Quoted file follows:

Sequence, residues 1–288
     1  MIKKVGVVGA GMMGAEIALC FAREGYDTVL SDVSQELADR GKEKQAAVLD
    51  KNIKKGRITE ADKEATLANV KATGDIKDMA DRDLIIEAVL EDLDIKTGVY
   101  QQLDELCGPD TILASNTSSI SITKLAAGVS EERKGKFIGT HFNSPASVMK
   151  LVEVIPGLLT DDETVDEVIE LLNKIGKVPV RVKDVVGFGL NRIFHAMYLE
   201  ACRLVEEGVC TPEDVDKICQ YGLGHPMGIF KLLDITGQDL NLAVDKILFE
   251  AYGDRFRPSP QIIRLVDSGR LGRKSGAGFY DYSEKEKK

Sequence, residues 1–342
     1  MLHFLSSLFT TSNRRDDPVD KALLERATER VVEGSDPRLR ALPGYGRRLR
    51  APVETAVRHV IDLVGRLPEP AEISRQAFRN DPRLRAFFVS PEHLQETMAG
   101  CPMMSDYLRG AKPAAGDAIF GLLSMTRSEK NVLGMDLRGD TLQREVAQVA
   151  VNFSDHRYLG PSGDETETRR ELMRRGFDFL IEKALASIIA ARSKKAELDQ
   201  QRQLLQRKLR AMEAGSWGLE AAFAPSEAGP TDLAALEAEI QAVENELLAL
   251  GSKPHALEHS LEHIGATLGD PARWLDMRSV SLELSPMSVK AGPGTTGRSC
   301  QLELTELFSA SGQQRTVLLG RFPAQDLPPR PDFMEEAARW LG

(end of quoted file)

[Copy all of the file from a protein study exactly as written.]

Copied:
Sequence, residues 1–288
     1  MIKKVGVVGA GMMGAEIALC FAREGYDTVL SDVSQELADR GKEKQAAVLD
    51  KNIKKGRITE ADKEATLANV KATGDIKDMA DRDLIIEAVL EDLDIKTGVY
   101  QQLDELCGPD TILASNTSSI SITKLAAGVS EERKGKFIGT HFNSPASVMK
   151  LVEVIPGLLT DDETVDEVIE LLNKIGKVPV RVKDVVGFGL NRIFHAMYLE
   201  ACRLVEEGVC TPEDVDKICQ YGLGHPMGIF KLLDITGQDL NLAVDKILFE
   251  AYGDRFRPSP QIIRLVDSGR LGRKSGAGFY DYSEKEKK

Sequence, residues 1–342
     1  MLHFLSSLFT TSNRRDDPVD KALLERATER VVEGSDPRLR ALPGYGRRLR
    51  APVETAVRHV IDLVGRLPEP AEISRQAFRN DPRLRAFFVS PEHLQETMAG
   101  CPMMSDYLRG AKPAAGDAIF GLLSMTRSEK NVLGMDLRGD TLQREVAQVA
   151  VNFSDHRYLG PSGDETETRR ELMRRGFDFL IEKALASIIA ARSKKAELDQ
   201  QRQLLQRKLR AMEAGSWGLE AAFAPSEAGP TDLAALEAEI QAVENELLAL
   251  GSKPHALEHS LEHIGATLGD PARWLDMRSV SLELSPMSVK AGPGTTGRSC
   301  QLELTELFSA SGQQRTVLLG RFPAQDLPPR PDFMEEAARW LG